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There has been a lot of discussion recently over the possibility of auto-enrolment style funding for Group Income Protection, either with a compulsory employer contribution or an opt-in variation, possibly as part of a future increase in the level of pension contribution. I believe that the Group Risk insurance industry needs to unite to support the belief that this is a good thing.  However, many insurers are yet to be convinced and, at a recent Group Industry Forum, 88% of attendees said ‘no’ to the idea of the Government extending AE to GIP. Clearly I have work to do!

In the UK the current discussion is around the protection “gap” and whether there is an affordable simplified product that would be suitable for employers and meet the needs of employees. Many minds are grappling with this issue, but have the experiences in the Netherlands any lessons to offer?

I think the first lesson is that it has taken a long time for them to develop a solution, based on a collective approach that puts a lot of emphasis on the role of the employer. The first overhaul of their system was in 1987 but the scheme was not actually finalised until 2006. The approach agreed was based on a report accepted by all political parties and supported (at least in principle) by unions and employer groups.  It had also gained the acceptance of the general public, being seen as “relatively fair”. The scheme is operated by a government agency, the UWV, which is also responsible for adjudicating the degree of disability.

How the scheme works – Short term absence

So what happens if an employee is ill? For the first two years the employer is required to pay at least 70% of the employee’s salary, up to a salary cap of 51,414 euros. In practice many employers pay more than that for the first year, up to 100% of the uncapped salary. Alongside this there is a legal requirement to provide support for rehabilitation with early intervention – the employer and absent employee should have an agreed plan after 8 weeks.

This standard period of 2 years (104 weeks) can vary in some circumstances. For instance, if the employee is considered permanently disabled, the period could reduce to as little as 12 weeks. Conversely if the UWV think the employer has not fully cooperated with rehabilitation support, it could be extended.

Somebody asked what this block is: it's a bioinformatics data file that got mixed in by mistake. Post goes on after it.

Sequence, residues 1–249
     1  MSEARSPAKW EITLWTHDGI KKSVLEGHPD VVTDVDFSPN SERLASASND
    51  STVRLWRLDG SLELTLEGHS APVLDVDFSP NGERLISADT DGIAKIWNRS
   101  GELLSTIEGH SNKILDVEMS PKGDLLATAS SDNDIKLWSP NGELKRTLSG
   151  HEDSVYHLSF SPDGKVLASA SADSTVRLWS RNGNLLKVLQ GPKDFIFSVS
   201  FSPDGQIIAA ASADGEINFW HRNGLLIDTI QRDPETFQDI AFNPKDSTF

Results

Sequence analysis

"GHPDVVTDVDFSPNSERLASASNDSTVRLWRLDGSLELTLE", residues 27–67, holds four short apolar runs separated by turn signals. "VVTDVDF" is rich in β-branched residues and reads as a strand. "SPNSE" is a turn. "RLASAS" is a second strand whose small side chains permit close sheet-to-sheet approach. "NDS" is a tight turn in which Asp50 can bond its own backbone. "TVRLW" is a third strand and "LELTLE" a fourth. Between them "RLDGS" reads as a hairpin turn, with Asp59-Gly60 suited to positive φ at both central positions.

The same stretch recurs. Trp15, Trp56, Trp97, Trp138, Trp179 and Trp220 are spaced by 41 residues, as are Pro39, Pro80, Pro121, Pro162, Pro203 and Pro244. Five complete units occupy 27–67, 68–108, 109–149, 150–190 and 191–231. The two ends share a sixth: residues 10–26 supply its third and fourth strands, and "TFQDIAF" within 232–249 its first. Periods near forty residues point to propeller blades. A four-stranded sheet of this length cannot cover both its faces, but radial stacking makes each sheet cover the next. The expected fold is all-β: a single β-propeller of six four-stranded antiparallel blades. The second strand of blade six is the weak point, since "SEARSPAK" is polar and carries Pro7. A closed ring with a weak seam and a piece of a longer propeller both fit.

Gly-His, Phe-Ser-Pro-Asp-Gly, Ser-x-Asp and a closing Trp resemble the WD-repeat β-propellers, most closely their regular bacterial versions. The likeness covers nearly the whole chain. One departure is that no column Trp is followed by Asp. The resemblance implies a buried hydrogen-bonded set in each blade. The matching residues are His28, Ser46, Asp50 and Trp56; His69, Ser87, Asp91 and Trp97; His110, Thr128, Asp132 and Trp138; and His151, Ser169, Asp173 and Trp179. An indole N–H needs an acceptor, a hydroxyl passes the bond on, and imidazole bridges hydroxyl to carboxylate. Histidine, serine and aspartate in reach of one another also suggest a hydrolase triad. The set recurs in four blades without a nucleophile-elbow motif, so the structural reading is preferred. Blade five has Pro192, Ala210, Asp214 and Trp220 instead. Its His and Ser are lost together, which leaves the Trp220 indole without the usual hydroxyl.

How the scheme works – Longer term absence

After this initial period of absence the state takes over. The absent employee (claimant) is assessed against an ‘any occupation’ definition, using objective tests. If they are deemed to be over 80% disabled they will qualify for the full state benefit, which can rise to 75% of their salary (up to the salary cap)  if disability is considered permanent.

If disability is “rated” as between 80% and 100% but is not expected to be permanent then a benefit of 70% of their salary (up to the cap) is payable, whilst rehabilitation continues.

However, if the level of disability is considered as being between 35% and 80%, with the potential for re-integration into the workplace, the benefit is set at 70% of the difference between the salary for any work undertaken and their previous earnings. If an employee in this situation becomes sick whilst undertaking some level of work, short term sick pay is available.

These payments are met by the state. However it is possible for an employer to agree to pay the benefits in the latter two scenarios, in return for lower national insurance contributions.

How the scheme works – Contributions

The employer makes payments to cover the state benefits via a payroll tax. The amount of the contributions is based upon the overall experience of the system, with further adjustments for different sectors of industry.

In 2014 the standard contribution rates have been set at:

 

Basic contribution                     4.95% of salary up to the cap

Cover for partial disability          0.69% of salary up to the cap (employer can self-insure)

Sickness of partial disabled       0.34% of salary up to the cap (employer can self-insure)

So what can we learn from the Dutch model?

  • Compared to the UK, their system is generous to those with a long-term need
  • A focus on rehabilitation in the first two years is central to their approach
  • It appears to be successful, with new claimants on state benefits falling from 100,000 in c2000 to 40,000 in 2010
  • The success is reflected in the contributions – the basic contribution rate of 4.95% has fallen from 5.7% in 2010
  • It is not simple and requires support from all parties to make it work

So bearing in mind that so far our own AE pension’s scheme has been successful and we know that there is a working model of an AE GIP proposition in Holland, showing positive results, my question is, could AE for GIP be considered here?

Get involved in the debate and tell us whether you think AE for GIP could work in the UK by answering this short survey.  

 

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